15 June 2018

Taiwanese think tank floats South China Sea base plan for US troops

Lawrence Chung

A Taiwanese think tank has called on Taipei to lease part of a Taiwan-controlled islet to the US military, a highly explosive move certain to infuriate Beijing and escalate tensions in the South China Sea if realised. The bold proposal by some experts of an unnamed pro-independence think tank calls for the Pentagon to set up a base on Taiping Island for humanitarian and rescue operations, according to local news media. Taiping, the biggest islet in the Spratly chain, is technically controlled by Taiwan, though an international arbitration tribunal has ruled that it is merely a land formation over which no claimants are entitled to claim sovereignty.

Citing an unnamed source, the Taiwan edition of Next Magazine reported on Monday that some researchers from the think tank suggested Washington could benefit from stationing troops on Taiping as it continued to face off with Beijing over the South China Sea.

Beijing has established military strongholds on artificial islands it has built in the waters, while Washington can only shore up its position by sending warships on patrols through the region, the source was quoted as saying.

The scholars said that leasing part of Taiping to the US military would not only allow the US to have a military base in the South China Sea but would also indirectly help Taiwan uphold its sovereignty over Taiping.

Taiping is also claimed by Beijing, Manila and Hanoi.

The report said the proposal was supported by a number of senior military officials.

But one military source told the South China Morning Post that it was “unlikely” the defence ministry would agree to such a proposal.

“It would not only further escalate the tensions in the South China Sea and the region, but would also bring high risks to Taiwan,” the source said.

“Actually, it is not the first time we have heard this kind of proposal.”

The source said the idea was raised soon after Tsai Ing-wen of the independence-leaning Democratic Progressive Party (DPP) became president in 2016.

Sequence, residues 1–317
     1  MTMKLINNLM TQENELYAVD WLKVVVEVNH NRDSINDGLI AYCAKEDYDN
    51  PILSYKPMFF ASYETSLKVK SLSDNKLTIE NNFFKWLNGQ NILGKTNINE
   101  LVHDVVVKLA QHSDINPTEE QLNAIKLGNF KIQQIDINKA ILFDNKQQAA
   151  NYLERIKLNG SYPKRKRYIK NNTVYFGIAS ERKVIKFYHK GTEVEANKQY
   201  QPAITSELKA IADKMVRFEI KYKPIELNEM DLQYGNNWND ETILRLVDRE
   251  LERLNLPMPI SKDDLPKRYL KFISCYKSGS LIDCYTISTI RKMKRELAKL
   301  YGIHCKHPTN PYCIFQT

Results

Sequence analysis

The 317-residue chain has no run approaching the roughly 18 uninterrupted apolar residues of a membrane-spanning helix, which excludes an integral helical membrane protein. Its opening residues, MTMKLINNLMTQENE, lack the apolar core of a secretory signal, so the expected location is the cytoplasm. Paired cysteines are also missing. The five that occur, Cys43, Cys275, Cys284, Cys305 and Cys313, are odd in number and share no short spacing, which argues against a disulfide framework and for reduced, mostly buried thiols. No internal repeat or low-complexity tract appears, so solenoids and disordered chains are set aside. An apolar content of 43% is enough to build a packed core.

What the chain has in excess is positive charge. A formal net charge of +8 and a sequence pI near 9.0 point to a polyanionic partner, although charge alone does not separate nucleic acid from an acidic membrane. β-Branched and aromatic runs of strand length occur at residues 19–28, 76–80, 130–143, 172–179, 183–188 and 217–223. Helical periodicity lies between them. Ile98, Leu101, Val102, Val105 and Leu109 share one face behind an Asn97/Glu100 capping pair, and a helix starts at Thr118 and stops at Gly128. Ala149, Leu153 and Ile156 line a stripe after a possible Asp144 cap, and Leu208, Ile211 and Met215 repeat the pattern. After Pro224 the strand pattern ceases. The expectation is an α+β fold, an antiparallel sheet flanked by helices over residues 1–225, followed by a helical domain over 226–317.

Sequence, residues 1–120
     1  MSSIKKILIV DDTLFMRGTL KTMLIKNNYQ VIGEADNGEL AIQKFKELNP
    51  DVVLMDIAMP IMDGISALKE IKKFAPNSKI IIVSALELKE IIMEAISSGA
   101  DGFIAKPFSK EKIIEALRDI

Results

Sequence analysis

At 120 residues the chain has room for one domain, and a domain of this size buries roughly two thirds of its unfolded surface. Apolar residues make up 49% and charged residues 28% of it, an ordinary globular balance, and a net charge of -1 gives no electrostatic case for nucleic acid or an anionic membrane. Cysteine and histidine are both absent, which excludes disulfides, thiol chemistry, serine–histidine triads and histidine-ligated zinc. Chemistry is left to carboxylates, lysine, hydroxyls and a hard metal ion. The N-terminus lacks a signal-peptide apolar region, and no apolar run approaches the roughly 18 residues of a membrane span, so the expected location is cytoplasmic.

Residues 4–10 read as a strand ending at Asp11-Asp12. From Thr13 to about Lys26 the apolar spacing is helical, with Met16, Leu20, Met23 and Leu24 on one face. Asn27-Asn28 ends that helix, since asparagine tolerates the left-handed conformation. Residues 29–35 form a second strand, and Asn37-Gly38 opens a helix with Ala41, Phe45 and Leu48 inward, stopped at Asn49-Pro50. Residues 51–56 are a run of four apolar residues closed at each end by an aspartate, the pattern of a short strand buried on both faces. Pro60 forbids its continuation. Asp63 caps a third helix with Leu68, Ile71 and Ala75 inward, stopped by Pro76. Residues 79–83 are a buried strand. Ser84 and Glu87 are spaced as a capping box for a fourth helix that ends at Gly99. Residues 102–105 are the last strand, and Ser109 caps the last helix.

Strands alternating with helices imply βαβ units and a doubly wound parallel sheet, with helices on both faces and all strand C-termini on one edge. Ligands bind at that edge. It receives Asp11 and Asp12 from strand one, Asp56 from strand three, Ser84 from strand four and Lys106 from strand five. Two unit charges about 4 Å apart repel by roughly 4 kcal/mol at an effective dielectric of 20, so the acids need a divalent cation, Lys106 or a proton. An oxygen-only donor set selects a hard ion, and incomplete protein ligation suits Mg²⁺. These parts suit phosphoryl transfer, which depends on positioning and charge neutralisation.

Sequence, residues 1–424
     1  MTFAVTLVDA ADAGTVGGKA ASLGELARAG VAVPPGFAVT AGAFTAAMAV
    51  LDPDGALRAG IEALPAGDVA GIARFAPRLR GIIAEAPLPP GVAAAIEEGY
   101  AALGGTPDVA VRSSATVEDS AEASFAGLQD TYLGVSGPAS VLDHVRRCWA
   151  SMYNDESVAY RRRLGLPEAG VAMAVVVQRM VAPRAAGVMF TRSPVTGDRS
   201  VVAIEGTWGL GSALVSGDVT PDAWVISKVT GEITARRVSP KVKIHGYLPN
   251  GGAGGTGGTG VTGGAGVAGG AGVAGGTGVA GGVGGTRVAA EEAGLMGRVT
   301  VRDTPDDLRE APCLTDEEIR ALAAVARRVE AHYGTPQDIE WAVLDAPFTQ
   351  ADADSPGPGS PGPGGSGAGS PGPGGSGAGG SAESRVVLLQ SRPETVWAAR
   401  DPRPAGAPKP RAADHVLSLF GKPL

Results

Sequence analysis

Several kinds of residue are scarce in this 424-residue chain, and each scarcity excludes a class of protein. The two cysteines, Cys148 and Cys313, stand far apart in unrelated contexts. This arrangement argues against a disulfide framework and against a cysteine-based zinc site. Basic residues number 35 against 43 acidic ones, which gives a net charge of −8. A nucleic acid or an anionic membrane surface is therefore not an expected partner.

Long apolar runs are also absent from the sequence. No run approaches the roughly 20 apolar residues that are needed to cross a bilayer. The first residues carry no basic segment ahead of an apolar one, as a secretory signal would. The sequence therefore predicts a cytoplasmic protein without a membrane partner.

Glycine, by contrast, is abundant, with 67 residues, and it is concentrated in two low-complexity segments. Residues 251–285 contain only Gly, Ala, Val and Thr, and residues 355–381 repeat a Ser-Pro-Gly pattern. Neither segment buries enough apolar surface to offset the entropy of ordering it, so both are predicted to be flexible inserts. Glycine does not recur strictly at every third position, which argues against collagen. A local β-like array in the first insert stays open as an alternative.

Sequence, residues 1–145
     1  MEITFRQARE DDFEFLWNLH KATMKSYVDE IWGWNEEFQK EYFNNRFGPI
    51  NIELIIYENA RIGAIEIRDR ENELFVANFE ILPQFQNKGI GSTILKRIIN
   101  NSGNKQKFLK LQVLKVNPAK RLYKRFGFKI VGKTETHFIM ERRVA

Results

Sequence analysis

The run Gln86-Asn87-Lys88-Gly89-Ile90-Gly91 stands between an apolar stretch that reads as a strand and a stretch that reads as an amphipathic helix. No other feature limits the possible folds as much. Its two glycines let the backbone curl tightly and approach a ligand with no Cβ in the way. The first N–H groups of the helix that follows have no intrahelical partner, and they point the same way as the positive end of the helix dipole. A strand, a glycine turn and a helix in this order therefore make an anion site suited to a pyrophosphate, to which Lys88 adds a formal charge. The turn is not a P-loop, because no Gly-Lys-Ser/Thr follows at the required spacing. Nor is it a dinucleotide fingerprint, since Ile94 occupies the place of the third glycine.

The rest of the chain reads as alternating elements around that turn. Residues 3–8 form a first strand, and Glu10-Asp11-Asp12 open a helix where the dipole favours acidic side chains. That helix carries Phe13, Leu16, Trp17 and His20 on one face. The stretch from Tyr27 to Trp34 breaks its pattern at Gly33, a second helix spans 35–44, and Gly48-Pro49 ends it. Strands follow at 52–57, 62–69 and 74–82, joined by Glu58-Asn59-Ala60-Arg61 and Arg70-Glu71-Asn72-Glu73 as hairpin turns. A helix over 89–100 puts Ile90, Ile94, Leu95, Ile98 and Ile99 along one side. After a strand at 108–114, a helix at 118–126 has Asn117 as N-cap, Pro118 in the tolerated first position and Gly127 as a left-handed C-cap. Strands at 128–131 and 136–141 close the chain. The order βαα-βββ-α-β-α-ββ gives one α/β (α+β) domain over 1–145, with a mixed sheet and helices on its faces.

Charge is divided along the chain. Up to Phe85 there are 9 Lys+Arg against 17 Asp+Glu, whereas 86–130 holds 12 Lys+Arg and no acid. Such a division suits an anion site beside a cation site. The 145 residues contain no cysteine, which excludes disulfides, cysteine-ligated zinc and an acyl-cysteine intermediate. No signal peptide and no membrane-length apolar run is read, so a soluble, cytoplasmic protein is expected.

At the time, Taiwan was waiting for the Permanent Court of Arbitration in The Hague to hand down its decision in a case brought by the Philippines against China over claims to a vast part of the South China Sea, including Taiping.

Then defence minister Feng Shih-kuan firmly rejected the idea, saying he “will never agree with it”, the source quoted Feng as saying.

Military expert Lu Li-shih said that if the government did go ahead and lease Taiping to the US military, “China would apply even stronger pressure to squeeze Taiwan”.

Beijing considers self-ruled Taiwan to be a wayward province subject to eventual unification, by force if necessary. It has warned other countries against offering military help to the island and suspended official exchanges and talks with Taipei since Tsai took office and refused to accept the “one China” principle.

DPP legislator Wang Ding-yu said the prospect of further escalation the region’s tension and the willingness of the US to lease Taiping would have to be factored into any decision on the proposal.

“We need to think from various angles about whether the proposal is actually in Taiwan’s interests,” Wang said.

Opposition Kuomintang legislator Lee Hsiu-yen said the Tsai government must assess it could bear all the consequences and pressure from a highly provoked Beijing.

No comments: